Despite the sluggish economy, the nation’s major health insurers have prospered in large part by expanding their role in government programs such as Medicare and Medicaid, according to a study released Thursday.
The share of large insurers’ revenues contributed by their Medicare and Medicaid business has jumped from 36 to 42 percent over the past three years. And the report by Bloomberg Government, a research division of Bloomberg LP, suggests that insurers will further increase their reliance on federal dollars with full implementation of the health-care law in 2014 — when Medicaid will expand to cover an eventual 16 million additional low-income Americans and the federal government will begin subsidizing private-insurance policies for an estimated 19 million more.
The study found that since 2009, carriers have enjoyed substantial growth to their operating margin, the share of a company’s revenue left over after accounting for operating expenses.
During last year’s first three quarters, the combined operating margin of the five largest publicly traded insurance companies averaged 8.65 percent — the best three-quarter performance of the past three years.
This occurred even as revenues from traditional private-insurance business have remained virtually flat since the end of 2008.
The five insurers combined — UnitedHealth Group, Wellpoint, Aetna, Humana and Cigna — cover 42.3 million people, or about 17 percent of Americans with health insurance. The report is mostly based on an analysis of their filings with the U.S. Securities and Exchange Commission. The study also found evidence that nonprofit Blue Cross Blue Shield plans, which cover a comparable share of the insured, likely performed similarly well.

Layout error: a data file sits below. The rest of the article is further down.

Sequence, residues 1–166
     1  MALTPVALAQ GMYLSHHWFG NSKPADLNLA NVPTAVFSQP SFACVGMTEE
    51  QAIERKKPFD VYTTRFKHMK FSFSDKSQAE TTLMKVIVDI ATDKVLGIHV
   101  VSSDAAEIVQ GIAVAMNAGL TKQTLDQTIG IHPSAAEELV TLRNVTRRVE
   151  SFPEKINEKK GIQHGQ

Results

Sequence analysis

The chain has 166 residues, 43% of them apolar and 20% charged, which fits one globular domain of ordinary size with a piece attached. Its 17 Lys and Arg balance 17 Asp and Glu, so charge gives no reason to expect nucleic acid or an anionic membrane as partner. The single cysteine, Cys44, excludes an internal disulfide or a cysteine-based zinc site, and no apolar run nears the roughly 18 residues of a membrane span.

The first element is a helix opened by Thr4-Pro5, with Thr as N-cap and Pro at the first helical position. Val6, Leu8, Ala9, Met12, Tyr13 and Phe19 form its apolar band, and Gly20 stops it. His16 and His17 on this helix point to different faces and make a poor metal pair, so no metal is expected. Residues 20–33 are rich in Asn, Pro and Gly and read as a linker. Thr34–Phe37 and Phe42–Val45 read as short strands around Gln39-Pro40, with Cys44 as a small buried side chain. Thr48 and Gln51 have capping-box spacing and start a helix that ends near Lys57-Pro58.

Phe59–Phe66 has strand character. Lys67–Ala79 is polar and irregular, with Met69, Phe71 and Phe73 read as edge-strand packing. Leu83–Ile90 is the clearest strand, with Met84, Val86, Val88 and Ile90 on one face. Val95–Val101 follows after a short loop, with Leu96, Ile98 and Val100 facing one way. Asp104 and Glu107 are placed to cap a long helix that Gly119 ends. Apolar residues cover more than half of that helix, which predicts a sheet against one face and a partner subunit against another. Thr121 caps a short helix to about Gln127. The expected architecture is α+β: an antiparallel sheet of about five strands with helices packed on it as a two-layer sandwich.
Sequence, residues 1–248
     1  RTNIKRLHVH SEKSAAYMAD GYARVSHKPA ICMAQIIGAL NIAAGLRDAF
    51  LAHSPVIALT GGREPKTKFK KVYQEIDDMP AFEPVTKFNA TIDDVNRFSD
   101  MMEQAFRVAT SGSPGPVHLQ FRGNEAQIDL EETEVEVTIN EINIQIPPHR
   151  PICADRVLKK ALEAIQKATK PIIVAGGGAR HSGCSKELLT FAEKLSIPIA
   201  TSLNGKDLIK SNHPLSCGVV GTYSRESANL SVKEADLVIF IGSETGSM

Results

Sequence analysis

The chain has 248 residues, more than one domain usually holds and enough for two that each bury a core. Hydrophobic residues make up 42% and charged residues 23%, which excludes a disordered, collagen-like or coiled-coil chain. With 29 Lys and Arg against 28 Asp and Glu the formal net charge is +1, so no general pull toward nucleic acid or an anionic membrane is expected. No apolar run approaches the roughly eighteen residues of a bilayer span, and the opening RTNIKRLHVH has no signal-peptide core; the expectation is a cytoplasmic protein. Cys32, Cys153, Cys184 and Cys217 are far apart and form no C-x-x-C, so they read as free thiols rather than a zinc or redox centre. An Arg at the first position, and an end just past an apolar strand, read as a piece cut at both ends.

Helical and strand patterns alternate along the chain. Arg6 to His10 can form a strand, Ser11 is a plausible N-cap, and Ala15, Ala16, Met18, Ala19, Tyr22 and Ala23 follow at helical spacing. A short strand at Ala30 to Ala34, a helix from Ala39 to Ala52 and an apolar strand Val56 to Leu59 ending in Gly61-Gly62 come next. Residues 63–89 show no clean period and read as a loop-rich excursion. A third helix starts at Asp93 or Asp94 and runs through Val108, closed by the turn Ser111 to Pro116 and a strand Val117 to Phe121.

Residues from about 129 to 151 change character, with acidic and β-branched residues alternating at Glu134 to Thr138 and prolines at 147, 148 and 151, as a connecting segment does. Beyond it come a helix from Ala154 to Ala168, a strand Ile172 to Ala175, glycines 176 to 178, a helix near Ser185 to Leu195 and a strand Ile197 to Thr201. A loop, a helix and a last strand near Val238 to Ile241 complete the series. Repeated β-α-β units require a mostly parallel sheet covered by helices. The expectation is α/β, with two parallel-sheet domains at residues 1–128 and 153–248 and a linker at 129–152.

The insurers’ government business involves taking over components of the Medicare and Medicaid programs that government policymakers are increasingly outsourcing in hopes of cutting expenditures.
Essentially, the private companies are hired to run managed-care plans as an alternative to the traditional fee-for-service plans provided by the two programs. Under the arrangement, the insurer receives a fixed amount from the state or federal authority ultimately responsible for a given Medicaid or Medicare population. In many cases, the insurer can then keep part of any savings it generates by managing the care of the covered population more cost-effectively.
The practice is attractive to states seeking to curb spending on Medicaid, which is funded with a combination of state and federal dollars. Privately run Medicare managed-care plans — called Medicare Advantage Plans — have also long been common.
The health-care law will actually reduce federal payments to Medicare Advantage Plans by $136 billion. Nonetheless, the study’s author, Peter Gosselin, posits that insurers still expect the plans to prove profitable, because the current national focus on debt reduction will give them political cover to manage beneficiaries’ care more tightly than was considered palatable in years past.
That same logic might explain why insurance companies and their investors appear unruffled by the possibility that the health-care law could be overturned by the Supreme Court or drastically altered by the next Congress.
In the absence of the law, Medicaid might not be expanded. But the political imperative will still be to reduce spending on both Medicaid and Medicare — and this would probably be done through further outsourcing to private companies.
“It seems as if insurers have figured out a way to win whether the law is fully implemented or not,” Gosselin said.
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